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The views that inspire writers

Do writers really need inspiring landscapes? Or the opposite?

31 August 2013

9:00 AM

31 August 2013

9:00 AM

Unimaginatively, I usually take the same route for a morning walk when on holiday in Cornwall, over the dunes to Brea Hill, inspiration for Betjeman’s poem ‘Back From Australia’. I know the scenery so well I no longer see it.

But for a change the other day I walked along the other side of the estuary and it was like seeing an entirely new landscape: the gently scalloped sandbanks, the clarity and blueness of the water, the breadth of the sky where it met Pentire Point. There were no clouds, which emphasised the white of the sails, the seagulls, the cabbage butterflies.

Imagine having this as the view from your study, I thought. How inspired you would feel. Hell, even Carol Ann Duffy, the poet laureate, might have managed to cobble something together to commemorate the birth of Prince George after contemplating this vista.

But then I wondered if I was over-romanticising things. Views are fine for artists and poets but surely novelists need something else. Something grittier and less distracting. Julian Barnes can only write when facing a blank wall in his study in north London. Hemingway was the same. He may have liked to write in Key West but he nevertheless stared at an empty wall while he did so, standing up as he typed, to add a little discomfort and energy to his prose. Orwell liked to write from an Islington flat that visitors described as ‘bleak’; that and a ‘primitive’ farmhouse in Jura, which was also bleak, especially in autumn when he went there to write.

Truman Capote liked to stare at the ceiling when he wrote, lying horizontal. Somerset Maugham stared at his bathtaps (while having a contemplative soak). Ideas come to Ian McEwan when he tilts back his chair, puts his feet on the radiator and considers the unromantic view from his window, of the grey and satellite-dish-covered Post Office tower.


Jeffrey Archer, meanwhile, has one of the finest views in London from his penthouse, overlooking the bridges of the Thames and the mellow stone of the Palace of Westminster. I’m just saying.

In an interview with Robert McCrum for Radio 4, Martin Amis argued that you need suffering and anxiety before you can write properly. He has a point. A novelist can neither afford to be too comfortable nor too content. Surely one of the reasons people write is to escape into their minds. If they are contemplating a beautiful view, what need have they of escape?

And even poets need more than scenery. Philip Larkin favoured the unprepossessing cityscape of Hull. Andrew Motion has a daily Lemsip to get him in the mood to write, a ‘slightly introverted self-pitying mood that a mild illness can give’. Oscar Wilde’s ‘Ballad of Reading Gaol’ was not exactly the fruit of comfortable living and majestic scenery.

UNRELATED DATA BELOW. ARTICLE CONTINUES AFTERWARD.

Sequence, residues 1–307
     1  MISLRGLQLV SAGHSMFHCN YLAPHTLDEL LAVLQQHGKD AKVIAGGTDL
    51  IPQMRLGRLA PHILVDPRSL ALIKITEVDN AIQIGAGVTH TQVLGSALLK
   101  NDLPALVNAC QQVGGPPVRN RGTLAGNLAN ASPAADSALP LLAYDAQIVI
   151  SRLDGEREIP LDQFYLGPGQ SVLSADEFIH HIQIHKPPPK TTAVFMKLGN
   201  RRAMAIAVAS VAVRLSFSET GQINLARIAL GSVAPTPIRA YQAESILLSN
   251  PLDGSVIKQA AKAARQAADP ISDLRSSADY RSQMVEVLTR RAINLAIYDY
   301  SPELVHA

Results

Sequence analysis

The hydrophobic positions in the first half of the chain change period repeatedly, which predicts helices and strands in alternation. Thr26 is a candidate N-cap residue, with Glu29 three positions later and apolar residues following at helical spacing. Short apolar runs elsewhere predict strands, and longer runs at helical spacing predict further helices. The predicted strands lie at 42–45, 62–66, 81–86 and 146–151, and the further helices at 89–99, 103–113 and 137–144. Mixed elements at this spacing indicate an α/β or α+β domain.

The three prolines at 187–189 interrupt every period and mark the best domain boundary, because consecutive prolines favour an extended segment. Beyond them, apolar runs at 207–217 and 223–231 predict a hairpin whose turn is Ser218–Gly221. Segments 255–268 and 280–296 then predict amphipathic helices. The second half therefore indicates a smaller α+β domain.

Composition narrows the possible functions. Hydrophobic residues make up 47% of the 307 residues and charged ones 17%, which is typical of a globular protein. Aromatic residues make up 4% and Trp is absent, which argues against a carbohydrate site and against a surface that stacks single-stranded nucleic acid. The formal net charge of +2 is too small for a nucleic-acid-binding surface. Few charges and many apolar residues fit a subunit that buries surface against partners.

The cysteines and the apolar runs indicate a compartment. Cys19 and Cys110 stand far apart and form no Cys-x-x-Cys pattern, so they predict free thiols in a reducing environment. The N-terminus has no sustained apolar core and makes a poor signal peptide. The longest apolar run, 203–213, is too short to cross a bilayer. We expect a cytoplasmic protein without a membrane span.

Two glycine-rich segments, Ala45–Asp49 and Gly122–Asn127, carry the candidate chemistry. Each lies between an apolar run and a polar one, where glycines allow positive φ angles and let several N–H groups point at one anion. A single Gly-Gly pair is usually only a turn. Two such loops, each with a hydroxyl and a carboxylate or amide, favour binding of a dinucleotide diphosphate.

I suspect Wordsworth is to blame for the idea that poets can only do their stuff when contemplating beauty. All that lonely wandering through the Lake District and the Alps. But what inspired him most was extremes of weather, especially storms, and pushing himself to physical limits as he walked by day and slept under the stars by night, breaking human boundaries in order to identify with something other than himself. His own scale beside the mountains filled him with terror, creative terror.

Shelley went further, believing you have to give into madness and irrationality before you can write. And this chimes with what the ancient Greeks believed. For them, inspiration came from the muses (and they should know because they came up with the term ‘inspiration’, which means ‘breathed upon’). The Greeks believed that when the muses breathed upon you you would go into a divine frenzy or poetic madness. So watch out.

A more prosaic truth is that inspiration often comes from reading. This might extend to borrowing metaphors as an ‘homage’. Ian McEwan once told me that it came as a revelation to him that even John Updike, his hero, did this. When McEwan was mulling over a particularly subtle phrase that Updike used — ‘A knight’s move of consciousness’ — he realised that he had read it before in a novel by Nabokov. He then discovered that Nabokov had, in his turn, ‘borrowed’ it from the psychiatrist Heinrich Klüver.

Perhaps we should be less precious about the creative process, then. As the artist Chuck Close put it: ‘Inspiration is for amateurs, the rest of us just show up and get to work.’

And perhaps if your study did have that view over the estuary to Brea Hill, you would soon get used to it and no longer notice it. Then you could get to work.

Nigel Farndale’s new novel is The Road Between Us.


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